June 9 (Bloomberg) -- Germany’s top constitutional court scheduled a hearing on suits against the nation’s participation in the euro-area rescue fund and the aid package for Greece.
The Federal Constitutional Court in Karlsruhe will hear oral arguments in three cases over the issue on July 5, the court said in an e-mailed statement today. The cases were brought by a group of academics and lawmaker Peter Gauweiler.
“In this lead case, the court for the first time decides in the main proceedings on constitutional questions relating to the Greece aid and the Euro-rescue package,” the court said. “There are many additional cases pending over the issues which will be ruled on subsequently.”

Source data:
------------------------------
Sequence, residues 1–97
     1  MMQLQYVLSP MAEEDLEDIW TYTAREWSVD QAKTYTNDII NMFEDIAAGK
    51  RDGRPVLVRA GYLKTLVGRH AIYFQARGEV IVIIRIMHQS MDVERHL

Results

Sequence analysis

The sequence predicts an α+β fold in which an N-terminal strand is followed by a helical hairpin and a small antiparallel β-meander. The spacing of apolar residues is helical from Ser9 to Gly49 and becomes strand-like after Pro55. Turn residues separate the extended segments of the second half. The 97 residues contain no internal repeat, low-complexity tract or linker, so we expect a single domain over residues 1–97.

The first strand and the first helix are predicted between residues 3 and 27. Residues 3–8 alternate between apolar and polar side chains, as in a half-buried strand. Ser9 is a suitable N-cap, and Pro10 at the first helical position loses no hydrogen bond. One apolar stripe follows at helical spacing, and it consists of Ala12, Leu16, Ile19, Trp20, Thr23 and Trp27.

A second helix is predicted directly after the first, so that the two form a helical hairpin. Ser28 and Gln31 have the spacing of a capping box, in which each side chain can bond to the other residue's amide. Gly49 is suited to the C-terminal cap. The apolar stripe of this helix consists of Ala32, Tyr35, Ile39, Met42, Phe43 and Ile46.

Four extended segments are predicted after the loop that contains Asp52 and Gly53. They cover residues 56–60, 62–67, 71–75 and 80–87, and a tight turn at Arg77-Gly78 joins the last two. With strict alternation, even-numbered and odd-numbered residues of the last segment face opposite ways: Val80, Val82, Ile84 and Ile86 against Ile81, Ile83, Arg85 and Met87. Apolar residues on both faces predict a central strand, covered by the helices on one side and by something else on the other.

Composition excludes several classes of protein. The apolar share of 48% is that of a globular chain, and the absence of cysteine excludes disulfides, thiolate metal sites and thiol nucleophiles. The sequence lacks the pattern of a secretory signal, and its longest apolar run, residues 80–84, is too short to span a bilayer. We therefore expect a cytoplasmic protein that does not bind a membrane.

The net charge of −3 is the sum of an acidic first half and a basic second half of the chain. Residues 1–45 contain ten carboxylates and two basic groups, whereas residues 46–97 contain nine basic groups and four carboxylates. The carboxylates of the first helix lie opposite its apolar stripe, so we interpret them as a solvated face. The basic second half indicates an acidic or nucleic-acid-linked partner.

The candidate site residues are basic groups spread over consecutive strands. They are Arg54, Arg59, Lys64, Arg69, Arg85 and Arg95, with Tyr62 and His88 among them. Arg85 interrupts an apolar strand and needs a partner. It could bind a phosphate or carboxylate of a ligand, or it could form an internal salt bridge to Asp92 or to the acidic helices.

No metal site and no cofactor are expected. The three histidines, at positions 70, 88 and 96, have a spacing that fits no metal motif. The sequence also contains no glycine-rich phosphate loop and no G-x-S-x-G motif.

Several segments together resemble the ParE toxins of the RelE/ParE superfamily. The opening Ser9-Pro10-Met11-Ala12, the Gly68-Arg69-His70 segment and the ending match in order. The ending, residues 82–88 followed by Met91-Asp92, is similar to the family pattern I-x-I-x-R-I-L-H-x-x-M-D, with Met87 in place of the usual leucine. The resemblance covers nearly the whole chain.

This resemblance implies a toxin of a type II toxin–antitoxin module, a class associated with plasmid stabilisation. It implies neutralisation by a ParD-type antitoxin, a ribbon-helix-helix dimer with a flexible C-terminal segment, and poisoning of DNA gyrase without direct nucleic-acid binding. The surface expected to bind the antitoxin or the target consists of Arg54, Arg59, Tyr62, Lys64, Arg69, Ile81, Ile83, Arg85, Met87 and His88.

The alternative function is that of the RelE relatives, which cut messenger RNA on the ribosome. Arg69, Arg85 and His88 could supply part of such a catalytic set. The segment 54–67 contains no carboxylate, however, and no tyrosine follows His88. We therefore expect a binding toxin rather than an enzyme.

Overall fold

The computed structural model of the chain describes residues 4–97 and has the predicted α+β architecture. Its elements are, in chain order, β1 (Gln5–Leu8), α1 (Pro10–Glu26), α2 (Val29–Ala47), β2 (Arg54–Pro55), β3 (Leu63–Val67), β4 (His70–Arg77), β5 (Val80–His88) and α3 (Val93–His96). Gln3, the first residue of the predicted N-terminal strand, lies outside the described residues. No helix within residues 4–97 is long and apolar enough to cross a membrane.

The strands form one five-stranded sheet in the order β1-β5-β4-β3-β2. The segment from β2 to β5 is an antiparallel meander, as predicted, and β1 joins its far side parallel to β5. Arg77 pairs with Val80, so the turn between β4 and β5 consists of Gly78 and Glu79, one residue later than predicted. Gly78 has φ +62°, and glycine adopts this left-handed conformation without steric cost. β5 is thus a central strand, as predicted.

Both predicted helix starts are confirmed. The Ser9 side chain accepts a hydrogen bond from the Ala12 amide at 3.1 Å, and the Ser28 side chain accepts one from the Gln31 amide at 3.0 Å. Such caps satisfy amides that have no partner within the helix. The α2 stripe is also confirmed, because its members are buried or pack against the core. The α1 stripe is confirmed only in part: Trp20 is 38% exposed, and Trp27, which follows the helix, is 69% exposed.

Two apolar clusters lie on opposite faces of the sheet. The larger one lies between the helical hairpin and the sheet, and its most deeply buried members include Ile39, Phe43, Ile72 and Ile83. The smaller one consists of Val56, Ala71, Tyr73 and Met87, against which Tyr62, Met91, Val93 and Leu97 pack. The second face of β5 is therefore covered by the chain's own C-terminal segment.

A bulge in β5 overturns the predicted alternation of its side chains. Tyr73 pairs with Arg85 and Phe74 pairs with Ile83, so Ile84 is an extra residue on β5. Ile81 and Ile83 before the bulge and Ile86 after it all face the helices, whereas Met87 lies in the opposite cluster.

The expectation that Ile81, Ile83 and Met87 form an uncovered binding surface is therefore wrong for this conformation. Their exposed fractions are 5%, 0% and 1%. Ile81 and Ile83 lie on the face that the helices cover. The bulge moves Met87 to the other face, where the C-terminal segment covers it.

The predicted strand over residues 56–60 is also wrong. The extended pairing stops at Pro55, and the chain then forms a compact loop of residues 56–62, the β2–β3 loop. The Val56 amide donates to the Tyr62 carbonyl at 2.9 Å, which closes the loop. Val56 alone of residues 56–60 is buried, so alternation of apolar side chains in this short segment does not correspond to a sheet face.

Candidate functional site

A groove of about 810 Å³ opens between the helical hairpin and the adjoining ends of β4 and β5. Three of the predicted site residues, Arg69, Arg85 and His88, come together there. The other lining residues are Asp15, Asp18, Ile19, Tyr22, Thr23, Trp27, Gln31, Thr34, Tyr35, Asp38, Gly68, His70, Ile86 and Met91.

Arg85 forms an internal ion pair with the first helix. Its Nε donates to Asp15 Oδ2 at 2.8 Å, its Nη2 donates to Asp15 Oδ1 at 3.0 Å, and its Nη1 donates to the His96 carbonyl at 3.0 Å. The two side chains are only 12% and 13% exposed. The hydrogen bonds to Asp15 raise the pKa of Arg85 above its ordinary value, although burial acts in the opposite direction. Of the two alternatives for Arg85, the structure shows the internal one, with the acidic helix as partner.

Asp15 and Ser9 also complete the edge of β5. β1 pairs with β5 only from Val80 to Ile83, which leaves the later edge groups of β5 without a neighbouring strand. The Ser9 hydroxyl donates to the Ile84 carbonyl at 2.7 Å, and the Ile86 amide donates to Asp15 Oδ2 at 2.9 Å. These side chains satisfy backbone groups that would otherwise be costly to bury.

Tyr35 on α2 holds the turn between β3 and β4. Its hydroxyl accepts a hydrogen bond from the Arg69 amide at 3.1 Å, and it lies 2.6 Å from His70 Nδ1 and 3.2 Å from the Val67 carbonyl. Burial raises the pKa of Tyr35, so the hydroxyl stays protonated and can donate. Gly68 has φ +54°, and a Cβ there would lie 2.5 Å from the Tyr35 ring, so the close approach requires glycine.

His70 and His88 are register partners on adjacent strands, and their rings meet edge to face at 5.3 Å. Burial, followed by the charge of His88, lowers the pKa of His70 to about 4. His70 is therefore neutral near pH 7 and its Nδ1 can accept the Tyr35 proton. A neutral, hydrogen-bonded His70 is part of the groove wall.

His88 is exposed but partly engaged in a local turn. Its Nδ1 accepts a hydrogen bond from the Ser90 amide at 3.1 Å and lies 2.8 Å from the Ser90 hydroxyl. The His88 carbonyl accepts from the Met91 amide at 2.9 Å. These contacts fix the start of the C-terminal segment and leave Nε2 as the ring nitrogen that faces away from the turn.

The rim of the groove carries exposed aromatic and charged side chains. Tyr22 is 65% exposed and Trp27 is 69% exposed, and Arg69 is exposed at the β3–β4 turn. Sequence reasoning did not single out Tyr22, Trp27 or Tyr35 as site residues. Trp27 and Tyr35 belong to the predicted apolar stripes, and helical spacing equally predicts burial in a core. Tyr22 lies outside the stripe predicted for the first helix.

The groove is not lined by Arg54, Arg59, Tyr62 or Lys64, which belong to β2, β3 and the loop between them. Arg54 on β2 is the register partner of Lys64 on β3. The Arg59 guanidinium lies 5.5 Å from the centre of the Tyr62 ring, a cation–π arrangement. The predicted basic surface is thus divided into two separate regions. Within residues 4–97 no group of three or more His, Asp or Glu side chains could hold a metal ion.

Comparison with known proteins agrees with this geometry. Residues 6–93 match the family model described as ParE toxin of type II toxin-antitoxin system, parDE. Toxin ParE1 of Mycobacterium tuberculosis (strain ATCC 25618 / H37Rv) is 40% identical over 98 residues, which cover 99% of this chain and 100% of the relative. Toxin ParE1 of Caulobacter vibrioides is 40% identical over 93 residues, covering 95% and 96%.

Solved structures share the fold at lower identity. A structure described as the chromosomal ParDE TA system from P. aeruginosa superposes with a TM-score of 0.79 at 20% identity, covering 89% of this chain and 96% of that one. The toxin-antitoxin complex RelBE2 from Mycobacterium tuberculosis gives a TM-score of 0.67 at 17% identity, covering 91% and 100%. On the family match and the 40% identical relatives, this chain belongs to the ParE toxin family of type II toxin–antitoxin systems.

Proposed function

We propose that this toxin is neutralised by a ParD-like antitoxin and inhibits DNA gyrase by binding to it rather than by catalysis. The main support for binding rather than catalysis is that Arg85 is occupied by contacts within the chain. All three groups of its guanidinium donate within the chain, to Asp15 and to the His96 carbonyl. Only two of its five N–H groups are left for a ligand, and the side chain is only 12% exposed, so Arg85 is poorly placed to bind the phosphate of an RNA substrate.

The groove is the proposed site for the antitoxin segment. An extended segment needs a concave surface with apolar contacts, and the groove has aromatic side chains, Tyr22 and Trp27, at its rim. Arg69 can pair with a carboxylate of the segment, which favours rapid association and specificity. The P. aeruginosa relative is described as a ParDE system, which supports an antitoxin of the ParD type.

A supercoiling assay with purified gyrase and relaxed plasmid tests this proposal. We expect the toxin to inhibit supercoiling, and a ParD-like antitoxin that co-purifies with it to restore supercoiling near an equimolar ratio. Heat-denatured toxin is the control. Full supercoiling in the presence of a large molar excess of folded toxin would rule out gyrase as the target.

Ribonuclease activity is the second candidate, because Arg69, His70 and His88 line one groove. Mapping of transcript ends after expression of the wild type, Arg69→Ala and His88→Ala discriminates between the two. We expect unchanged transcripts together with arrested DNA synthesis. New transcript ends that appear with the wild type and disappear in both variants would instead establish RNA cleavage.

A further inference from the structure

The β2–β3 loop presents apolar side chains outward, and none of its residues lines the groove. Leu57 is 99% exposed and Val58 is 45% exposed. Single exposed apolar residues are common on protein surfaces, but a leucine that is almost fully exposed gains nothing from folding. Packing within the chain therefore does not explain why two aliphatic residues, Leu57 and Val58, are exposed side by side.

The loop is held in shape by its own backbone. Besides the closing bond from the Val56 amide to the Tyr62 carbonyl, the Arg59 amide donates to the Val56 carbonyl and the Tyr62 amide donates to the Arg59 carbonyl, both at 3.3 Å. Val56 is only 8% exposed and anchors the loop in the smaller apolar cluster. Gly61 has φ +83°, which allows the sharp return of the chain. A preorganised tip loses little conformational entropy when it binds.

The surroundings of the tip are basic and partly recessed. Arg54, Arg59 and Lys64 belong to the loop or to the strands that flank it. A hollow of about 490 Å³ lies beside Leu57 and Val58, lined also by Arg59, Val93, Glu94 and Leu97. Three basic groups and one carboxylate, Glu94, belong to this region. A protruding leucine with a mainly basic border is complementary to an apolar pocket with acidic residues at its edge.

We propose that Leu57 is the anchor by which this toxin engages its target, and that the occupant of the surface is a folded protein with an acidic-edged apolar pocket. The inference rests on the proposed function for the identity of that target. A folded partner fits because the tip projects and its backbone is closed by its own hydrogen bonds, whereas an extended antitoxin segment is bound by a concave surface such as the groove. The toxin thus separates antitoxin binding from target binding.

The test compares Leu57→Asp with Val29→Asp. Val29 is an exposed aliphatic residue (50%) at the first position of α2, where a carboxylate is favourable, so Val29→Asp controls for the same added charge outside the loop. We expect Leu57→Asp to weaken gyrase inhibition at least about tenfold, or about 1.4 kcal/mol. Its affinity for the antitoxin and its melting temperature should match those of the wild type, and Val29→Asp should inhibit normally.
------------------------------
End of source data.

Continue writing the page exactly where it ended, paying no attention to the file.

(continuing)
The German high court has drawn criticism for not acting on the suits swiftly on the suits, which were filed in the first half of 2010. The judges declined to issue emergency orders blocking the aid package for Greece in May 2010 and the euro-area rescue fund in June 2010 and didn’t schedule a hearing on the main legal questions in the cases until today.
The court’s agenda for the hearing includes as many admissibility issues as substantive law questions, indicating that the court is considering whether the case can be dismissed for procedural reasons. The court normally takes a few months after a hearing before it issues a ruling.
The cases are BVerfG, 2 BvR 987/10, 2 BvR 1099/10 and 2 BvR 1485/10.
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